UNCHANGED: QCF Launches Movement in Response to the Damaging 'Ex-Gay' Ideology
Bethel, A prominent conservative church wants to highlight toxic “ex-gay” stories, and the queer Christian community is fighting back.
Recently Bethel, a Southern California church, has launched a “Changed Movement” featuring “uncommon” stories of people who claim they have been changed by conversion therapy.
Conversion therapy, a type of pseudo-therapy promoted by conservative evangelicals, is an attempt to change a person’s human sexuality from same sex to the opposite sex. This idea is based on a misconception that LGBT+ people are sinful, broken individuals and that only God can “fix” them. The idea that there is something wrong with a person simply for who they are attracted to and therefor needs to change, is incredibly damaging.
This includes the idea that “God hates gays” and that God will cast them into hellfire if they don’t change.
The American Psychological Association and Public Health England reports a slew of consequences due to conversion therapy including mental health issues, suicide and contemplation of suicide. We know from other stories by people like John Smid who ran conversion therapy programs and who initially claimed to have changed, have come out later claiming that they were in fact gay, have always been gay, and currently live happily as openly gay men.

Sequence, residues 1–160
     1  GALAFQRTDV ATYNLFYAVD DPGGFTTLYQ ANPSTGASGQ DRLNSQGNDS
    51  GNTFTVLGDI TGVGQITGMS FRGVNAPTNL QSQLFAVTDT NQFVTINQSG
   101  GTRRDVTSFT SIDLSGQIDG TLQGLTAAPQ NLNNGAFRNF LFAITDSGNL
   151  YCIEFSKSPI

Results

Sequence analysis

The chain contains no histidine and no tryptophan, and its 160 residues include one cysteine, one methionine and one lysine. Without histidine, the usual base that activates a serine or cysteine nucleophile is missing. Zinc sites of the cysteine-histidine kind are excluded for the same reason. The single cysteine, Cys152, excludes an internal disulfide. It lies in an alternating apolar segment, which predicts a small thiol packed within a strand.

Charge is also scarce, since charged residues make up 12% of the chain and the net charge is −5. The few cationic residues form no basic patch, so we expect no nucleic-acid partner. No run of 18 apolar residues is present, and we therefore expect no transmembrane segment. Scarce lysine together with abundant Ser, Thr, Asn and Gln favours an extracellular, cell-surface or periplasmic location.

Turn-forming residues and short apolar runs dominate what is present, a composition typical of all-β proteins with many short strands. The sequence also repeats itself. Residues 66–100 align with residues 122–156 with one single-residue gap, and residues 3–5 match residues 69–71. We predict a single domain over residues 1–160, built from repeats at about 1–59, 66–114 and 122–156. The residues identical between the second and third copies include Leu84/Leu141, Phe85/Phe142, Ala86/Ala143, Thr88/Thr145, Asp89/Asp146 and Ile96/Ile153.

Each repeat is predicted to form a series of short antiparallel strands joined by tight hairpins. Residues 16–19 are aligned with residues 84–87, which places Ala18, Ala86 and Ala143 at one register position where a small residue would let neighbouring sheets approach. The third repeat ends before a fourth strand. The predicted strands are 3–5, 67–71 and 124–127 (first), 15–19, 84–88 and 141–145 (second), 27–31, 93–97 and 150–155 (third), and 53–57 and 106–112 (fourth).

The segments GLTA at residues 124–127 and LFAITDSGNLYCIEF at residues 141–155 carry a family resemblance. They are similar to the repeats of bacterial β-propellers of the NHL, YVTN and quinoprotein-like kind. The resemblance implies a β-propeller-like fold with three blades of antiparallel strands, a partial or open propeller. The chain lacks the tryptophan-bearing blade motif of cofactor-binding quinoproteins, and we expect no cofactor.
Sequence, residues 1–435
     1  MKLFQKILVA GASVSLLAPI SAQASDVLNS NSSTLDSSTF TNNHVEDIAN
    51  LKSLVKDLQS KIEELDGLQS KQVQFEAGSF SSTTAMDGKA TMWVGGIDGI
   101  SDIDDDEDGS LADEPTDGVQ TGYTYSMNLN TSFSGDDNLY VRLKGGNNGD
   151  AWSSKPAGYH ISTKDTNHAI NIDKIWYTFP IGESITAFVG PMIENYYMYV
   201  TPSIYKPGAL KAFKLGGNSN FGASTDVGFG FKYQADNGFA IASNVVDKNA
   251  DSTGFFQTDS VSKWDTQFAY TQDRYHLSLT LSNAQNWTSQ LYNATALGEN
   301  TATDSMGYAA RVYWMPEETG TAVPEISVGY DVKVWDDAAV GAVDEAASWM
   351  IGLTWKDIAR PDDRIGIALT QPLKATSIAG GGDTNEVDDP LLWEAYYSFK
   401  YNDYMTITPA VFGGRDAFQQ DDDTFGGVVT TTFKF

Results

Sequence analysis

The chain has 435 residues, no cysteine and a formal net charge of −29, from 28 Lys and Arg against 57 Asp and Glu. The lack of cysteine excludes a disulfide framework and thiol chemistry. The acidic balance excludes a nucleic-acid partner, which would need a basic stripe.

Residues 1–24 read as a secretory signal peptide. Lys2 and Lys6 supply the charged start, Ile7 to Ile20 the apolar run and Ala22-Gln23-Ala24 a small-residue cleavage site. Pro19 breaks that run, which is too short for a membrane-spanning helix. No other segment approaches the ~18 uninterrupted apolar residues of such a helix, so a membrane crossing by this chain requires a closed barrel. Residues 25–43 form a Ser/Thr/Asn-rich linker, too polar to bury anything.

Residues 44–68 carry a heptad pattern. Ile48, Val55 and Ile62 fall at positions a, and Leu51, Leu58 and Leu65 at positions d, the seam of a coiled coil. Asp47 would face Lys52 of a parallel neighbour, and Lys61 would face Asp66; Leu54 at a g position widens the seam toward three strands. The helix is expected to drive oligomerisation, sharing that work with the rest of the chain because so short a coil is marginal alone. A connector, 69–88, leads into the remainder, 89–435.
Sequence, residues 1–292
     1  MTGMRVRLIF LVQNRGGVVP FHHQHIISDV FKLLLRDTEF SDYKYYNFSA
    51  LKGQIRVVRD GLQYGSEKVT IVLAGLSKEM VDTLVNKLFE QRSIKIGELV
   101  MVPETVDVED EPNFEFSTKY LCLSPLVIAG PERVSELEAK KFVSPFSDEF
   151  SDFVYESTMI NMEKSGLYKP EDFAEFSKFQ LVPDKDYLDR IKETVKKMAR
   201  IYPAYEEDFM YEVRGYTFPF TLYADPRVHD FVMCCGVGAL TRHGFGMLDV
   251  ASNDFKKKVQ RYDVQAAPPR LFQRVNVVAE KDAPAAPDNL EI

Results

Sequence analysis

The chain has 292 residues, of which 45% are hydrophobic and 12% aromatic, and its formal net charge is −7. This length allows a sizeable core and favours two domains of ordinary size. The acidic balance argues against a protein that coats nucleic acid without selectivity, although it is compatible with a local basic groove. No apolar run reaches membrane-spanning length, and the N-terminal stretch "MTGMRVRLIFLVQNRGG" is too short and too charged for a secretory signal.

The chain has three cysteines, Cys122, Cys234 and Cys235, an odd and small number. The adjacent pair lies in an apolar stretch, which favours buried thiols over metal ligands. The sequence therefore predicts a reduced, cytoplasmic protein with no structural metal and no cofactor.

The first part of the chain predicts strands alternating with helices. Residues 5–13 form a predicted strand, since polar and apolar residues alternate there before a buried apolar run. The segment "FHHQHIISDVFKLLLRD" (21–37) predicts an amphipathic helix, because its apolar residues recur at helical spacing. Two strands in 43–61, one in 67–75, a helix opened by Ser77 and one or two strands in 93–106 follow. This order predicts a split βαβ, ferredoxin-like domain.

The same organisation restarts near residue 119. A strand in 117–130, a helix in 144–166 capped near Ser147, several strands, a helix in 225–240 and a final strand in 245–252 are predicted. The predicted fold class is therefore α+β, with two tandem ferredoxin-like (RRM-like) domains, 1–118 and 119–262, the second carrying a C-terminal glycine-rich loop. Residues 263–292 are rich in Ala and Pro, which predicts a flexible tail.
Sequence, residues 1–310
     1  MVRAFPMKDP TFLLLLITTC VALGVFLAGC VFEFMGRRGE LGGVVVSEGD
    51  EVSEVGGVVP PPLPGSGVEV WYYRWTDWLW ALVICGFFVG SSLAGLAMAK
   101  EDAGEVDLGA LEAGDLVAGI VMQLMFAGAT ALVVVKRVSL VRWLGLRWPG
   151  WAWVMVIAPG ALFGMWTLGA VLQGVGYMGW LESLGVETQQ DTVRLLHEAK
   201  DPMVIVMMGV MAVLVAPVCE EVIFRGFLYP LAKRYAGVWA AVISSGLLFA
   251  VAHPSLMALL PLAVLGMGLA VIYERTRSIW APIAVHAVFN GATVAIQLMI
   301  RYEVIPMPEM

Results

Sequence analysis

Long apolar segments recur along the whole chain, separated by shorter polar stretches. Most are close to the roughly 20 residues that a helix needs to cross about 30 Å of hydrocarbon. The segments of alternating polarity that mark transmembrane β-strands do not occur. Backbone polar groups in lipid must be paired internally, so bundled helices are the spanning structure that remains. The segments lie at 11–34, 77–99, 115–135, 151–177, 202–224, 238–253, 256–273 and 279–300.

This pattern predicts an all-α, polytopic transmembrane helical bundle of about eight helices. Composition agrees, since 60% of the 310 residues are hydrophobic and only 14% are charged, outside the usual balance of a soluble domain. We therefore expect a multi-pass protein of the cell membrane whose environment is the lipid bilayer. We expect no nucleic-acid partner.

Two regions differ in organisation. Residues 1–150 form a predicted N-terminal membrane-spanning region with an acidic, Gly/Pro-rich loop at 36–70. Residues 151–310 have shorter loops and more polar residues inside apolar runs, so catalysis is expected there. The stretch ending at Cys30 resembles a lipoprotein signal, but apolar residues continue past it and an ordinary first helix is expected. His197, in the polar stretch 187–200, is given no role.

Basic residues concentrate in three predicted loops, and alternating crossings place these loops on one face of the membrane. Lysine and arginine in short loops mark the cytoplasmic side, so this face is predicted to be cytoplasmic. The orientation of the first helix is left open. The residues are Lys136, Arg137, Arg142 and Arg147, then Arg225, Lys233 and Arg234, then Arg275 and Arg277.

Bethel’s website uses trendy graphics, smiling individuals, and inspirational copy in an attempt to change the perception of this damaging practice. In response, Q Christian Fellowship (QCF) is fighting back with the “Unchanged Movement.”
On their website, UnchangedMovement.com they say: “UNCHANGED, a ministry of Q Christian Fellowship, is a movement of LGBTQ+ Christians committed to proclaiming God’s love and affirmation of our experiences, our identities, and our expressions of selves…We believe that any form of ex-gay theology–whether implicit or explicit–contributes to the statistically corroborated rates of suicidal ideation, depression, and trauma experienced by LGBTQ+ persons in religious settings. Every Christian who wants to come out should be able to do so safely, well- supported, and with the firm belief that they are beloved children of God, just the way they are.
The team at QCF has boldly taken the graphics directly from Bethel’s site and recreated it on their Unchanged website – except that QCF’s site includes stories of LGBT+ Christians, like myself, who have embraced who God made us to be, and the arduous journey to acceptance. These are stories of triumph over the voices of homophobia and bigotry.
Snippets from people’s stories have been posted to their social media accounts including Facebook and Twitter using the hashtag #UnchangedLGBTWQ. However it’s their Instagram posts that are most clever. On Instagram QCF has been publishing the excerpts and tagging Bethel in them. QCF wants Bethel and its members to know exactly where they stand and hear the stories of the Unchanged.
In addition to the Unchanged stories of LGBTQ Christians and allies, QCF has included helpful resources, an e-book, and stickers.
“We believe the Church can and should do better, but we expect God to do incredible things.”